The program involved Form 1, Form 2 and Form 3 students who are currently enrolling in DLP at secondary cluster schools in Pahang. The project employed a purposive sampling strategy in that it entailed the selection of participants ate the right place at the right time (Acharya, Prakash, Saxena & Nigam, 2013). The program was conducted for two days during weekend. This program is a community-based program because it was fully-funded by Yayasan Canselor UNITEN (YCU).

Stage 4: Dissemination

A post-mortem meeting was held to identify strengths and issues arise from the program based on the feedback given during the program for future improvement.

The summary of the stages in designing the program is shown in Figure 01 .

Figure 1: Designing Program Stages
Designing Program Stages
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Participants Background

A hundred and five (105) students made up of forty-six (46) male and fifty-nine (59) female students whose ages ranged between thirteen to fifteen years took part in the program as shown in Table 03 . All students are studying in secondary schools under Cluster Schools Category in the state of Pahang. Majority of the students are in Form 3 (50.5%) followed by Form 2 (25.7%) and Form 1 (23.8%). Meanwhile, Table 04 shows the results of Ujian Penilaian Sekolah Rendah (UPSR) for all participants. The results showed that majority of the students gained A in Bahasa Melayu (Comprehension) (75.2%), Bahasa Melayu (Writing) (65.7) and Mathematics (53.3%). On the other hand, for English (Comprehension), English (Writing) and Science subjects, the majority of students scored B with 49.5%, 42.9% and 64.8% respectively. Furthermore, the D grade was observed in two subjects namely English (Writing) (3.8%) and Mathematics (2.9%).

Table 3 -
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Table 4 -
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Findings

Analysis of the data from the survey demonstrated that there were some issues mentioned by the participants (P) in relation to DLP.

Below are the participants’ responses (Some of the responses were translated into English language) :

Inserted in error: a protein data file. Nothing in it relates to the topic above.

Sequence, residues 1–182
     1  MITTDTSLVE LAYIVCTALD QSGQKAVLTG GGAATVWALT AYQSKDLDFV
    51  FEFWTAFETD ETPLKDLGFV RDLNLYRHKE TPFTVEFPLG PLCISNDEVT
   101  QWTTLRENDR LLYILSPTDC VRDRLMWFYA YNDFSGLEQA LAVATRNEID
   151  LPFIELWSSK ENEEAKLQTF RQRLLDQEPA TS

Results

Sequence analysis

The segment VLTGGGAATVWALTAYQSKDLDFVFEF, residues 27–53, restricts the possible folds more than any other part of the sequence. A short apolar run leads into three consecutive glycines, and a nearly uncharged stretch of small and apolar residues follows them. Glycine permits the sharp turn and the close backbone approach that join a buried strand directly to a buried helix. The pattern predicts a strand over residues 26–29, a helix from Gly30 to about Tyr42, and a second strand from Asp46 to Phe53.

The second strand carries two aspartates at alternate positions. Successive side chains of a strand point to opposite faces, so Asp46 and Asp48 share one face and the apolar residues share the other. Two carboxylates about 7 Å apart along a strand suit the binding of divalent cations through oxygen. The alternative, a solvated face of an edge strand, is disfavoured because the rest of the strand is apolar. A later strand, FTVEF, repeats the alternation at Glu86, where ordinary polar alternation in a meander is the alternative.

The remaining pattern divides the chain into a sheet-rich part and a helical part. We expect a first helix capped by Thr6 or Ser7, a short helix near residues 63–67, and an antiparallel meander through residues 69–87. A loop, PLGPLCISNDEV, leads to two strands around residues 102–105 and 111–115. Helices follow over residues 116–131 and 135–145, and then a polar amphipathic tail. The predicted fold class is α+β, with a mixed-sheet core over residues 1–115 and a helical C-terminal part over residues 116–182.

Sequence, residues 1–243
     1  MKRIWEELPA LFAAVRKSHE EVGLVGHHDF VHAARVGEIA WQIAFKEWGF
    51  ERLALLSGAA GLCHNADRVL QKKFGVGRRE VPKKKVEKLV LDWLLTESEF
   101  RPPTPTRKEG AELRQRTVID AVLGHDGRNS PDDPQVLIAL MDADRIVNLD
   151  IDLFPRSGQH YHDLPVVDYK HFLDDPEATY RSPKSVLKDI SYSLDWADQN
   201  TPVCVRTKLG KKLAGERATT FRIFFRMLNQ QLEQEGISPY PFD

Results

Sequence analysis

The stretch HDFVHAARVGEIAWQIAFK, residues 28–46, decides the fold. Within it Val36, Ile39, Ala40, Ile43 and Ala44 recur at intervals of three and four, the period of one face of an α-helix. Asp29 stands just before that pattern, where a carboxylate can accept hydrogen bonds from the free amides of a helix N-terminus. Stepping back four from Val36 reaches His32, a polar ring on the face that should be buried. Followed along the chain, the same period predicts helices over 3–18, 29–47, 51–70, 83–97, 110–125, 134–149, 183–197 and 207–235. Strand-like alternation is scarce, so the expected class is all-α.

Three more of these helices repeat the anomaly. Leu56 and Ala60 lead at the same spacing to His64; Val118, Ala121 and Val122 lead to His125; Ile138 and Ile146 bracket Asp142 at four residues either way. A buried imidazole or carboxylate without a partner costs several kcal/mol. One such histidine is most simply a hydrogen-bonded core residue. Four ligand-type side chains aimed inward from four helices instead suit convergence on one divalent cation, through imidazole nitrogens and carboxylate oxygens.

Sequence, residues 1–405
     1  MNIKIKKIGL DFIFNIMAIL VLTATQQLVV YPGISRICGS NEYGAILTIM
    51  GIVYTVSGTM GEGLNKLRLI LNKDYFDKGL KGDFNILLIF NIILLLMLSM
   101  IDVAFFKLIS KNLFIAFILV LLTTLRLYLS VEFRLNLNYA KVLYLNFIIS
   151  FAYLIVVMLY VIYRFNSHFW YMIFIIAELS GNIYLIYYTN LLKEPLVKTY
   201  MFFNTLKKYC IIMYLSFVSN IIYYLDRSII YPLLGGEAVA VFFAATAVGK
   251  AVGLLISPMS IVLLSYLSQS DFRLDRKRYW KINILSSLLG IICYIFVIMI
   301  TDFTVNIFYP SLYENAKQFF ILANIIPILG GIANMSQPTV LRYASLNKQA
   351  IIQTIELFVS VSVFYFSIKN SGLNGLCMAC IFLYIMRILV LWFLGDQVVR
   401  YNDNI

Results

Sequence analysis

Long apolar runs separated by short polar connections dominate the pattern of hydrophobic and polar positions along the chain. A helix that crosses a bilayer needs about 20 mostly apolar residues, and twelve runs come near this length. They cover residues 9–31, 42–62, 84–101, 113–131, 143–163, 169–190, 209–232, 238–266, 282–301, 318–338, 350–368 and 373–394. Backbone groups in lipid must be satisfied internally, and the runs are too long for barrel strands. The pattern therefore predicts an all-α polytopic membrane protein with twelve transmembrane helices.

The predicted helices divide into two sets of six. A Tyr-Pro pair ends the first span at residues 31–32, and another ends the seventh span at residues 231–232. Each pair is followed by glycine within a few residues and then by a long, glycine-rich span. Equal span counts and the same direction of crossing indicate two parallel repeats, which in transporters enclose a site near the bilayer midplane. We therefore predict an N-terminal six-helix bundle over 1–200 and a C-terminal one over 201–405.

The participants revealed that they like doing experiment and outdoor activities in learning DLP:

The best part in learning DLP is when my teacher asks us to do experiment. (P5)

I like doing experiment in my Science subject because it is fun. (P18)

Doing experiment makes me feel happy and like to learn (P25)

The participants mentioned that learning DLP helps them to improve their mastery of English language:

I can improve my English when I learn DLP because it is in English. (P11)

Learning Science and Mathematics in English helps me to be more confident to speak in English. (P78)

After learning in DLP, I feel not afraid anymore when I have to speak English. (P65)

The participants claimed that learning Science in English is more challenging compared to Mathematics:

Learning Science is not easy because there are so many new words that I have to remember. (P78)

There are so many words I must memorize in Science and it is difficult for me. (P43)

Learning Science is more challenging because I have to remember scientific words, facts and understand them. (P32)

The participants elucidated that remembering terminologies was difficult for them:

During examination, it is difficult to answer questions because I have to remember the terms which are a lot. (P97)

Sometimes I get confused because the terms are difficult to memorize. (P2)

Memorizing the Science terminologies was not easy but forgetting them was very easy. (P47)

In terms of the feedback of the program conducted, some participants conveyed their suggestions for improvement of the program.

The following are the participants’ responses:

  • The participants agreed that the program was beneficial to them:

Everything in the module is perfect and I learn in a fun way. (P15)